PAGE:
Obviously, if we want to compare the patterns of change among these countries more easily, regardless of magnitude, we must solve this scaling problem. Some data analysts attempt to do this by using a logarithmic scale, but this isn’t appropriate for the general public because few people understand logarithmic scales and their effects on data. Another approach is to complement the graph above with a series of separate graphs, one per country, that have been independently scaled to more clearly feature the patterns of change. Here’s the same graph above, complemented in this manner:

With this combination of graphs, there is now more that we can see. For instance, the pattern of change in China is now clearly represented. Notice how similar the patterns in China and Italy are. From weeks 1 through 7, which is all that’s reflected in Italy so far, the patterns are almost identical. Will their trajectories continue to match as time goes on? Time will tell. Notice also the subtle differences in the patterns of change in the U.S. versus Canada. In the beginning, mortality increased in Canada at a faster rate but started to decrease from the fourth to fifth week while the pattern in the U.S. does not yet exhibit a decrease as of the sixth week. Will mortality in the U.S. exhibit a decline by week 7 similar to China and Italy? When another complete week’s worth of data is added to the U.S. graph, we’ll be able to tell.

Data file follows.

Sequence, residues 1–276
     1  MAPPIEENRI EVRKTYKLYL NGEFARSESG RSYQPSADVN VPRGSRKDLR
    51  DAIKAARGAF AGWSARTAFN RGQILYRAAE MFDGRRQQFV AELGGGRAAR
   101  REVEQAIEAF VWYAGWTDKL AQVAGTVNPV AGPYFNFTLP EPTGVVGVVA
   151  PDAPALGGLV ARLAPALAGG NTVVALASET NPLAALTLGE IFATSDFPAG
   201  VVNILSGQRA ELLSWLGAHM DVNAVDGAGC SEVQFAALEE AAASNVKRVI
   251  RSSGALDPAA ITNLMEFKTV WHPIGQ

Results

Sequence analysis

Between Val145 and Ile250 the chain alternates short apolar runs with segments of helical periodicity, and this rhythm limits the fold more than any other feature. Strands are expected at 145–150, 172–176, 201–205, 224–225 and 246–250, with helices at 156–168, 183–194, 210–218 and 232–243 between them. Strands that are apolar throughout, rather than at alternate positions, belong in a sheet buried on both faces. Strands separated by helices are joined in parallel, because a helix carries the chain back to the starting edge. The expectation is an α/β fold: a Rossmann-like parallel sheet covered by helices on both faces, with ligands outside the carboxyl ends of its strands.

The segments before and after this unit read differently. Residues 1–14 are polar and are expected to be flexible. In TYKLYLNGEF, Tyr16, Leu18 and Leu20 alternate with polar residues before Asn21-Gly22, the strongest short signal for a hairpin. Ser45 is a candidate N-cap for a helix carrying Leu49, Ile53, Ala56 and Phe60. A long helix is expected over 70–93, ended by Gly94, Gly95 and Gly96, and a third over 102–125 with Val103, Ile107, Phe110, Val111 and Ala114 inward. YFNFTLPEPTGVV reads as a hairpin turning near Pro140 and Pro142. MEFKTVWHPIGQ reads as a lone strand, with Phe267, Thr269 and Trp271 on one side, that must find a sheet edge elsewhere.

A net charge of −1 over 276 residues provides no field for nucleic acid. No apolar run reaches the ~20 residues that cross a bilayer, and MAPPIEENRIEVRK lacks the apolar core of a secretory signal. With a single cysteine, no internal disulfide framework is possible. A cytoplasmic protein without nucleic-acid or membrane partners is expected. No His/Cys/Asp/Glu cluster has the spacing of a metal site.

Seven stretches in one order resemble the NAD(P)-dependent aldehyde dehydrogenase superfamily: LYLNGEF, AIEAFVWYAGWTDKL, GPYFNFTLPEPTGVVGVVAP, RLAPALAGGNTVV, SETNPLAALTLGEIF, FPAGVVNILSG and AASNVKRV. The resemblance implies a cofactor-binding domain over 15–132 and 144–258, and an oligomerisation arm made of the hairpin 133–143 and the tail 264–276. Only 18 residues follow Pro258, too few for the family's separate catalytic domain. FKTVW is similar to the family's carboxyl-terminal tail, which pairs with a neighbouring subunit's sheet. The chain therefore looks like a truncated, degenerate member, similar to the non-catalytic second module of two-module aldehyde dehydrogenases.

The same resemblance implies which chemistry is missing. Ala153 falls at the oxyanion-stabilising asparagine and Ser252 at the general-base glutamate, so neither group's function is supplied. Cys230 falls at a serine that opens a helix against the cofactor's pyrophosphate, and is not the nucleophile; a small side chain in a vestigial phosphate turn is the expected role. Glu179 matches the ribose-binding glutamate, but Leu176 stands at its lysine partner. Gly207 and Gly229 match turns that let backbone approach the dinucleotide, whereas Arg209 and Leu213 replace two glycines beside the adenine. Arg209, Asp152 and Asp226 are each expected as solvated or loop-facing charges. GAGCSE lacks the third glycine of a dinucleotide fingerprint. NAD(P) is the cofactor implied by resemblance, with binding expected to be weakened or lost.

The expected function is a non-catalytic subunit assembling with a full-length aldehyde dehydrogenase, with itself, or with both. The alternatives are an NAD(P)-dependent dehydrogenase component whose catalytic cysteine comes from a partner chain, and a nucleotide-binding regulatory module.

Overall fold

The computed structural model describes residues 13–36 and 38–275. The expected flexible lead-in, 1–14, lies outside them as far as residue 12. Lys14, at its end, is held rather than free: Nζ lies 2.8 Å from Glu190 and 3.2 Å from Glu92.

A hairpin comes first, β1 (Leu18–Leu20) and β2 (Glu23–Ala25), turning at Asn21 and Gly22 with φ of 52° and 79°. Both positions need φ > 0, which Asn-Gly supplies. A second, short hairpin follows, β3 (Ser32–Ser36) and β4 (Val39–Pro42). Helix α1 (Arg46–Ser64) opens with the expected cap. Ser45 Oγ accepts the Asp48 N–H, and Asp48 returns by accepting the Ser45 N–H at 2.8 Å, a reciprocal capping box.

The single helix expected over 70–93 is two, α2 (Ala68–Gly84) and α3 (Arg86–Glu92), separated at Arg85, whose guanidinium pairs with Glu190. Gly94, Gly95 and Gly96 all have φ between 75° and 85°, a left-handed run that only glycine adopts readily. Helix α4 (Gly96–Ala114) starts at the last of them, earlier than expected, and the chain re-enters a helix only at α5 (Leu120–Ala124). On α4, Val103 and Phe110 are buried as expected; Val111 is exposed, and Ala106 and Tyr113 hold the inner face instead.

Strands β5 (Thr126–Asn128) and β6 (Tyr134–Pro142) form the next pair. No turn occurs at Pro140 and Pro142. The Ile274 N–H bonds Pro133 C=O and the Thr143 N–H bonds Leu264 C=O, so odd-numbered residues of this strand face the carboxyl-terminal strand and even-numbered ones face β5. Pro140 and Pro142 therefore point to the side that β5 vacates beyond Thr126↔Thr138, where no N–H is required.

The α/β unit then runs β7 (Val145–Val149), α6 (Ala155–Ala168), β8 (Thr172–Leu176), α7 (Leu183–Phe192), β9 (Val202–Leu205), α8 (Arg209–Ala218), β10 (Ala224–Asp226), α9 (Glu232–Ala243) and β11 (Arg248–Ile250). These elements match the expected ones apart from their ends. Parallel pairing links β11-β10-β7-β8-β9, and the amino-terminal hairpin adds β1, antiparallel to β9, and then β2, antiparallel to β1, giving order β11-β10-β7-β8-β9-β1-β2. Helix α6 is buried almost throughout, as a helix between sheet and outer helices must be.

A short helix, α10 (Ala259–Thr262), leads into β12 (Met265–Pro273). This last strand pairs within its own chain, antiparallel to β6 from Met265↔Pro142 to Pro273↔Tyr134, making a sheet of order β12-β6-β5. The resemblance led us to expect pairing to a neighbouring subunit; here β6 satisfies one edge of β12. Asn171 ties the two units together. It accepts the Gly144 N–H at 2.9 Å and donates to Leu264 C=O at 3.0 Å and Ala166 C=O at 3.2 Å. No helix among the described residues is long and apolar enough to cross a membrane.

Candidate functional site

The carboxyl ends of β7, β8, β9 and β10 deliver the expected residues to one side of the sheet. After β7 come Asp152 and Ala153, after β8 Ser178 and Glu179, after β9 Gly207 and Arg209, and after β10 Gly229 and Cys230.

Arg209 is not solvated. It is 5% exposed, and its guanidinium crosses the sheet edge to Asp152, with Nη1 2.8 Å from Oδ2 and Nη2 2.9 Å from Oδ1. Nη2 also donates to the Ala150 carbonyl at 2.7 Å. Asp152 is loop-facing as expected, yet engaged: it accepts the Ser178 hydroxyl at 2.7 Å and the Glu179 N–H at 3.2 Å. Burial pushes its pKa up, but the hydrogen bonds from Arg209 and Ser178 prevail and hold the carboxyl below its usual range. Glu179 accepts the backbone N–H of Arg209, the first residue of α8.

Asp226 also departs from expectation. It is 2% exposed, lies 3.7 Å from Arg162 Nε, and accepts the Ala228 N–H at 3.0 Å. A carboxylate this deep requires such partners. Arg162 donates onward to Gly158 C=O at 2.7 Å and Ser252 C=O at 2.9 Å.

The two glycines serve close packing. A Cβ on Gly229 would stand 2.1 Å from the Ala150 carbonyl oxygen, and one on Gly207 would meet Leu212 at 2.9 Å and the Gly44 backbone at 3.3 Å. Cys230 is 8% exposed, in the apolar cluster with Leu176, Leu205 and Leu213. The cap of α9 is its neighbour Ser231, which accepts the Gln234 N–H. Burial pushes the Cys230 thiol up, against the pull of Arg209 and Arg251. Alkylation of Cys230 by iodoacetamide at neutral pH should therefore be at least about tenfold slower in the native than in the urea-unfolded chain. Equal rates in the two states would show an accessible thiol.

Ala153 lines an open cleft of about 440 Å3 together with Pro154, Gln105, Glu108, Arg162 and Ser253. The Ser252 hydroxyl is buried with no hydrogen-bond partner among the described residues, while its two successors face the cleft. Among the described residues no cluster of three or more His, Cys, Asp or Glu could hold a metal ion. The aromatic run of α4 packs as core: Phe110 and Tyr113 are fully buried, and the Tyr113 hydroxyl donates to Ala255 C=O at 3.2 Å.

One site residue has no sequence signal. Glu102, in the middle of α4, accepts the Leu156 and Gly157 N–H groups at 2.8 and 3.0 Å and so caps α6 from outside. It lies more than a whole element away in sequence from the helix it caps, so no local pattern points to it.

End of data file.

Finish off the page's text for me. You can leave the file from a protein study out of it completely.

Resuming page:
Clearly, there are many valid and useful ways to display this data. I propose this simple set of graphs as one of them.

3 Comments on “Comparing COVID-19 Mortality Rates Over Time By Country”

By Dale Lehman. April 14th, 2020 at 2:01 pm